PARIS – Joe-Wilfried Tsonga gave Norway’s eighth-seeded Caspar Rudd a run for his money in the first round of a tough French Open but went into a tearful retirement with a future 6-7 (6) 7-6 (4) 6 Tuesday-27. At the rate of 6 (0).
The Frenchman, whose career has been hampered by multiple injuries in recent years, fought for about four hours before breaking down in tears.
The crowd at Court Philippe Chatria greeted him standing as the 37-year-old, unable to fight due to shoulder pain, knelt on red dirt.
This is the latest in a series of physical problems that have dropped to 297 in the ATP rankings.
Tsonga, Rafael Nadal, Novak Djokovic and Roger Federer are just three of the losers who were world number one and runners-up at the 2008 Australian Open, have not won a match on the ground in almost three years and no miracles have occurred. Tuesday – After a tough opening set, though much hope.
The match started in front of a rare crowd as most of the corporate seats were vacant at lunchtime, a recurring pattern in Roland Garros where food often surpassed tennis.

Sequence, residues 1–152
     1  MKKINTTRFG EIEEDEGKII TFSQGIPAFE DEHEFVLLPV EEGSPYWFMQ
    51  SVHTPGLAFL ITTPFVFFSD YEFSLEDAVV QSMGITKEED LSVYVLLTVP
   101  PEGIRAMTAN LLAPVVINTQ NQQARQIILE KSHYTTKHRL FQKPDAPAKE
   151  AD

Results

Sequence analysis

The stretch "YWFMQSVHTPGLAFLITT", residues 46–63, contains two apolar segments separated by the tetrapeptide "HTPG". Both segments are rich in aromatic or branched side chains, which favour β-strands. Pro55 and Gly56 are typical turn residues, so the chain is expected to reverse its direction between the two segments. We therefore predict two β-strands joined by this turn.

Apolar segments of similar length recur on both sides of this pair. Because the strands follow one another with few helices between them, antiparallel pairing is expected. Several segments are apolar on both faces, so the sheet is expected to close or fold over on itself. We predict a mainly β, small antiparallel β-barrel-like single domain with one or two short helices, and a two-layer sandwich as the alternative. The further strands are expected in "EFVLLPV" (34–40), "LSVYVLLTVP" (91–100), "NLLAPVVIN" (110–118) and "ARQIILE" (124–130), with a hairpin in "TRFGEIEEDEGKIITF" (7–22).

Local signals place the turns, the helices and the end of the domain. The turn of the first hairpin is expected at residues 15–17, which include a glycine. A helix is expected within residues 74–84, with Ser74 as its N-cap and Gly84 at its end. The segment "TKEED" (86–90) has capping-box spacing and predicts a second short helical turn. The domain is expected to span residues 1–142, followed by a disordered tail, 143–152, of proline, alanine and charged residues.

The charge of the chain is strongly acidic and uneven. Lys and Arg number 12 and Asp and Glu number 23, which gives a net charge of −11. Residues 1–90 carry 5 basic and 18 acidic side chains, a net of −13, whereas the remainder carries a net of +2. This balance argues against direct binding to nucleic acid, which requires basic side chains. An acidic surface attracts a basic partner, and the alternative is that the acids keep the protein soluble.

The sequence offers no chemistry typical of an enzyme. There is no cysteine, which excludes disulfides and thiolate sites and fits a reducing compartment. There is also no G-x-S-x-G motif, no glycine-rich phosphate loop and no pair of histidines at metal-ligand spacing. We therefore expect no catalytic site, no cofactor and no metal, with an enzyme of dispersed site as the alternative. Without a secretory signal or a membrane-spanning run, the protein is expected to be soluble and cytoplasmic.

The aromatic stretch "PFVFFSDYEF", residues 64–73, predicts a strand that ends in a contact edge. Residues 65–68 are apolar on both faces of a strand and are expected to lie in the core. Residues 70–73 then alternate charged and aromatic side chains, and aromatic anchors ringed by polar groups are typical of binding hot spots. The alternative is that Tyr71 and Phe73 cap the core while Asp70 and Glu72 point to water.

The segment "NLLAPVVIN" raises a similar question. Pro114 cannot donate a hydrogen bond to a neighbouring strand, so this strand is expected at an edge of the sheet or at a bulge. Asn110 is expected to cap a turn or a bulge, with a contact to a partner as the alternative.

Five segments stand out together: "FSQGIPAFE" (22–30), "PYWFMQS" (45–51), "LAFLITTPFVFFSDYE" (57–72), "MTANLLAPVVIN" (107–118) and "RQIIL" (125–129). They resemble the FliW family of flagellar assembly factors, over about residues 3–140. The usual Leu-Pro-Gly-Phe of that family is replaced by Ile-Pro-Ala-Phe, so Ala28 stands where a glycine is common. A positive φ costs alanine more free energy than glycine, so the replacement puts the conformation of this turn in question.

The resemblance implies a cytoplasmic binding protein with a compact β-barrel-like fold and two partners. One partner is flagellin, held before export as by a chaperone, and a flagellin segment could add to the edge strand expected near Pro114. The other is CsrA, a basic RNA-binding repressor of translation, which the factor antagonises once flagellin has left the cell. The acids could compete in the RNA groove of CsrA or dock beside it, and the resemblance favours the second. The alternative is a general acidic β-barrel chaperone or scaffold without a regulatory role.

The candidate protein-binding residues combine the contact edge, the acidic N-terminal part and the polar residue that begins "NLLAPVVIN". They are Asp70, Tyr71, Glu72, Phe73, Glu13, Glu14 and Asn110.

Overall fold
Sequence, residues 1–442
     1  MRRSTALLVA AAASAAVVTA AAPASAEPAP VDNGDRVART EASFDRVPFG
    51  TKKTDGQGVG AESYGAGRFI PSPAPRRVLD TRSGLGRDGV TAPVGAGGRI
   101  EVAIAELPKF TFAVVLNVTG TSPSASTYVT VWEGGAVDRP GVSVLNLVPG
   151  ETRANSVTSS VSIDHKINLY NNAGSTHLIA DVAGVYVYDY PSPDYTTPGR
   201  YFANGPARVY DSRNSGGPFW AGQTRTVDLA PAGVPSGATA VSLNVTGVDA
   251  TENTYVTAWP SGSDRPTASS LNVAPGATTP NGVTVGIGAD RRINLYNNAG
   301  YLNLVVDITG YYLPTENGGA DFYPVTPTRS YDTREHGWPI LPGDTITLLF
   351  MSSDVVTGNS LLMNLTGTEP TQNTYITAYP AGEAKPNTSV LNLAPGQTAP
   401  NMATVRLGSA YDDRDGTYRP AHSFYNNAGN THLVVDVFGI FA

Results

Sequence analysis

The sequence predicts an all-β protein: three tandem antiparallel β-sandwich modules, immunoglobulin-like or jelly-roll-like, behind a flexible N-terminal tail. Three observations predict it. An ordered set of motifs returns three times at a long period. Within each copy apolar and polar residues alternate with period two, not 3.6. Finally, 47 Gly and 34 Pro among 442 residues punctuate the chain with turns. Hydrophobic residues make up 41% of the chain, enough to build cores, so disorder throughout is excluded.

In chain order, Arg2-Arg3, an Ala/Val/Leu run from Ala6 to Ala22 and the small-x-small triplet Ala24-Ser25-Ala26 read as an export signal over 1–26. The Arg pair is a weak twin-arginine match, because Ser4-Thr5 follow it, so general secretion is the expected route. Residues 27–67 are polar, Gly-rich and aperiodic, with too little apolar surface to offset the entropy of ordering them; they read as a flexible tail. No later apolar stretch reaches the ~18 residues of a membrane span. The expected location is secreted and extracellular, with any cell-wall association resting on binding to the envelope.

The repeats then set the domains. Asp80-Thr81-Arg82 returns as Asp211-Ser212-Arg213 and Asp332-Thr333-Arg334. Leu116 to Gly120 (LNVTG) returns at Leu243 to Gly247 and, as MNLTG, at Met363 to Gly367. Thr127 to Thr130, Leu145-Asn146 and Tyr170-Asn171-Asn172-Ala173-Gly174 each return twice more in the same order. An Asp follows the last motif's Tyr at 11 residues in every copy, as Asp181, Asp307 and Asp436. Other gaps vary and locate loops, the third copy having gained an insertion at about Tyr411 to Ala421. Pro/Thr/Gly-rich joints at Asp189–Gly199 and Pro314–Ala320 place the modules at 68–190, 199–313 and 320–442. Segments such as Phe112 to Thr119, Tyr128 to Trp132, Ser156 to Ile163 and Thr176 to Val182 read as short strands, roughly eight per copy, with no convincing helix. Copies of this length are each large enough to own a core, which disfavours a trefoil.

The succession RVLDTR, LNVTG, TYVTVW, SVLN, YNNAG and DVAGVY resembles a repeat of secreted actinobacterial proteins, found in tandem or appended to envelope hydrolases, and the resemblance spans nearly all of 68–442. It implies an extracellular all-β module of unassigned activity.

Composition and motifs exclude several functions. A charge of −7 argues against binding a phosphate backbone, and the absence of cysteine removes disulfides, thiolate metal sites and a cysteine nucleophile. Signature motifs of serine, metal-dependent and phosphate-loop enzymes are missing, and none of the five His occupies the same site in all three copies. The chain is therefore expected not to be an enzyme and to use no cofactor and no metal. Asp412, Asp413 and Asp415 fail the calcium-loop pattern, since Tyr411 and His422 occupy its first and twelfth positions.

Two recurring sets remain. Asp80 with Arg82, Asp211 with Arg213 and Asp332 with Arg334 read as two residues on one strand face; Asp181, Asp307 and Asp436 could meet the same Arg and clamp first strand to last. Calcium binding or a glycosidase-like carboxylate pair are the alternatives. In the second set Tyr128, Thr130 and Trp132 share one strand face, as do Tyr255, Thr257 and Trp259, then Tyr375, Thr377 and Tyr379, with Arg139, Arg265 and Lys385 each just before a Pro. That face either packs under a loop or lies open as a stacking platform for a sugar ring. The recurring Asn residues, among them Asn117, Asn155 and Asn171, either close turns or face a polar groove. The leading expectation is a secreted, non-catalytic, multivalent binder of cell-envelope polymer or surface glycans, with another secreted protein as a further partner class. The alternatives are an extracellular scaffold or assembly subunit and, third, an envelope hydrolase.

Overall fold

Tsonga held firm, delighting fans with some well-run drop shots as he made the most of his opponent’s initial nerves.
Eventually the volume increases as the stands fill up after coffee time and Tsonga wins the opening set after a tense tiebreak.
He saved a break point in the fifth game of the second set but was under pressure in the tiebreak and seems to have fallen quickly after being overwhelmed in the third.
In support of the overwhelmed crowd, however, Tsonga fell in love for 6-5 in the fourth, only to bring parity for Rudd and force another tiebreak.
– Roland-Garos (landrolandgarros) May 24, 2022
Tsonga was a physiotherapist for shoulder problems and could rarely afford a tiebreak.
Once his ordeal was over, Tsonga, who won the 2017 Davis Cup with France, was greeted in court by all his former coaches and his parents wearing ‘Mercy Joe’ T-shirts, as well as his children.
His former Davis Cup teammates Richard Gasquet, Giles Simon and Gail Monfils also came to the court to embrace him.
“It’s a great day for me. The day I said goodbye to my longtime partner. I never looked back but now is the time to do it,” Tsonga told the crowd.
“I want to thank all the people who have helped me fulfill my dream of becoming a professional tennis player.
“Thanks to the French Tennis Federation and all my coaches who supported me even when I was very stupid. I’ve been able to be good among the best generation of players and I’m happy with that.
On the way to the final in Melbourne, Tsonga defeated his role model Nadal, 23-year-old Ruud, who said, “You were an inspiration to me and many others.”
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